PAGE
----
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This is the second of a series of posts related to and leading up to the release on Dec. 6 of A Bold Gamble at Lake Tahoe: Crime and Corruption in a Casino’s Evolution by this author. The nonfiction book chronicles the often-unbelievable, conflict-filled early history of the Incline Village, Nevada-based hotel-casino that today is the Hyatt Regency Lake Tahoe Resort, Spa and Casino.
When a notorious American stayed at the Hyatt Lake Tahoe, it was three months after Hyatt Hotels Corp. acquired the resort and a time when Nevada wanted to portray a clean gambling industry.
The infamous guest was Carmine “Lilo/The Cigar” Galante, boss of the Brooklyn, New York-based Bonanno crime family and, according to the U.S. Justice Department, then one of the country’s highest-ranked organized crime figures.
The 63 year old was on parole but allowed to travel. He’d been released from the U.S. Penitentiary, Lewisburg* in Pennsylvania 1.8 years earlier after serving 14 years of a 20-year sentence for a narcotics conspiracy conviction. Indeed, Galante had been responsible for trafficking heroin between the Bonanno family and the Giuseppe “Joe” Cotroni crime family in Montreal, Québec, Canada.
Also at the time of his 1975 Lake Tahoe trip, Galante was “involved in a power struggle with Carlo Gambino, a New York crime boss, for the position of capo cli tutti capo — boss of all bosses in organized crime’s national high commission,” reported the Reno Evening Gazette (Aug. 18, 1975). As such, some law enforcement officials believed the true purpose of his West Coast excursion was to hold a summit with other underworld members.
Kept in Sight
Despite his criminal involvement, status and history, Nevada’s gambling regulators couldn’t kick Galante out of the Hyatt’s casino. Only those listed in their Black Book could be; it contained the names of personas non gratas in the state’s gambling houses.
Galante, however, could be watched, and watched he was. The Federal Bureau of Investigation, the Washoe County Sheriff’s Organized Crime Unit and others tracked his every move.
“Galante’s arrival in Nevada comes at a time when state and casino officials are stressing the crime-free aspects of Nevada gaming to members of the National Gambling Commission,” the Nevada State Journal (NSJ) reported.
The capo arrived in The Silver State looking like a “paunchy, retired janitor,” wearing a blue T-shirt, brown windbreaker and straw porkpie hat and “twisting, chewing and puffing on the legendary cigar which danced between his teeth below the gold wire-rimmed glasses which stayed halfway down his nose,” described the Nevada State Journal (Aug. 19, 1975).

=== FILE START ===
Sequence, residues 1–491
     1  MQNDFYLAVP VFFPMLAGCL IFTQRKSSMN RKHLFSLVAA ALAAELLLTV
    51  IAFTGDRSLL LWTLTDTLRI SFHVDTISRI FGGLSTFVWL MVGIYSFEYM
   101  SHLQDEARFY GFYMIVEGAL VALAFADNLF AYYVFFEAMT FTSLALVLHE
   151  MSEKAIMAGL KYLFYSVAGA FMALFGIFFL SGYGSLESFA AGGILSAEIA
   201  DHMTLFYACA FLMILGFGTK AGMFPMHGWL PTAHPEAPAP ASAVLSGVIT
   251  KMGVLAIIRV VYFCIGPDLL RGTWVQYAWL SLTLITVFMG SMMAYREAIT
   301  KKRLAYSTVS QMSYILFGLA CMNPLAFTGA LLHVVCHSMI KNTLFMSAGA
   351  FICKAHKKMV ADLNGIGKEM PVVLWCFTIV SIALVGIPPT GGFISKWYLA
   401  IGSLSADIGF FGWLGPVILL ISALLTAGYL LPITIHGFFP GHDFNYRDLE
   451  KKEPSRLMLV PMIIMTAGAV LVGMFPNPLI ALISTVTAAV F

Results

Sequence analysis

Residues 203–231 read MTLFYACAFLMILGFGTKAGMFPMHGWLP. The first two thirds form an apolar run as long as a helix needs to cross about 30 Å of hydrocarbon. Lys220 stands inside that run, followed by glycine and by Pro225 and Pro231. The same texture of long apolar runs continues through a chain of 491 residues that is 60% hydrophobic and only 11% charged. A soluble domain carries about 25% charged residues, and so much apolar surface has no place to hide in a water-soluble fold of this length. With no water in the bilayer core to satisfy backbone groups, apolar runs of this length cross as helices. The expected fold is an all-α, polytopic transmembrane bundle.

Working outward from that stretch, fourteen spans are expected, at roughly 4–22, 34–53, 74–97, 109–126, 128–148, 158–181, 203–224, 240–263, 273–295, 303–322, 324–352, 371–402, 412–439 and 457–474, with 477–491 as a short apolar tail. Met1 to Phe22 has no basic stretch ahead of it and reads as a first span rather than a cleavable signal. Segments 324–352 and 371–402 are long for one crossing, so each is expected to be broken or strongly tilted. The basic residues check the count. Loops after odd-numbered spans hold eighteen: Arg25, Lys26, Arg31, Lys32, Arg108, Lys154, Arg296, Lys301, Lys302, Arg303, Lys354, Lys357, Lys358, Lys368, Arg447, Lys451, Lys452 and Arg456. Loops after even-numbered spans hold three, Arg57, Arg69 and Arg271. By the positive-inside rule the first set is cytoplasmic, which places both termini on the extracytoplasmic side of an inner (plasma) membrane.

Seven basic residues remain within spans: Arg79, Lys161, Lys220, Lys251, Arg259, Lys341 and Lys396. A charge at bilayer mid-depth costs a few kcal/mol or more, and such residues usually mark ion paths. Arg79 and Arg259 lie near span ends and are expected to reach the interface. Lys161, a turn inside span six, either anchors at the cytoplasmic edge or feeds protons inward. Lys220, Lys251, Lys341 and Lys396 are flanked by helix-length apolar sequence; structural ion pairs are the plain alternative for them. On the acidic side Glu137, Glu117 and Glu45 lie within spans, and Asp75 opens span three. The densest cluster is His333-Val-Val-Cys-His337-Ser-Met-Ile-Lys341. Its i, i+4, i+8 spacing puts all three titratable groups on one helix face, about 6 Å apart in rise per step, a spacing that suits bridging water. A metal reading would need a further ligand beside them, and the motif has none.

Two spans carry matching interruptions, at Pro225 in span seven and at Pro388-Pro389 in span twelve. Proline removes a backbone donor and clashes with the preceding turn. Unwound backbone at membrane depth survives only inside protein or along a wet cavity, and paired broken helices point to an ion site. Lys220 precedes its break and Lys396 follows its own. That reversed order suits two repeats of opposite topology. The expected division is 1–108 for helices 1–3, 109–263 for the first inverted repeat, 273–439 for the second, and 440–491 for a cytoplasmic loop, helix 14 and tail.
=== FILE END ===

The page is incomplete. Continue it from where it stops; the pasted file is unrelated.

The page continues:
After Galante checked in to the Hyatt Lake Tahoe in Incline Village, Tom Benham of the local organized crime unit, informed him that he and his activities would be scrutinized during his time in Nevada. “We want you to leave here as healthy as when you arrived,” Benham told him, according to the NSJ. Galante responded, “Thank you. I appreciate that very much.”
During his stay, from Monday to Saturday, Aug. 18 to 23, Galante, along with his three female traveling companions aged 35, 45 and 50, merely acted the tourist. The group went to the usual Lake Tahoe attractions, including the Ponderosa Ranch, the Incline Village Golf Course and the various casinos. They ate at several area restaurants and attended a couple of dinner shows.
Before Lake Tahoe
To start their adventure, the quartet had flown from New York to Los Angeles. There rented a car, a white Ford LTD, which then they’d driven to San Francisco. After staying the night there, at the Hyatt Regency Hotel, they’d made their way to Truckee, where they’d slept at the Gateway Motel. The next day, they’d continued on to Nevada and the Hyatt Lake Tahoe.
* While at Lewisburg, Galante was housed in cell block G, or “Mafia Row,” with James “Jimmy” Hoffa; Anthony “Tony Pro” Provenzano, member of New York’s Genovese crime family; and Vincent “Vinnie The Fat Man” Teresa, a former high figure in New Jersey’s Raymond Patriarca crime family.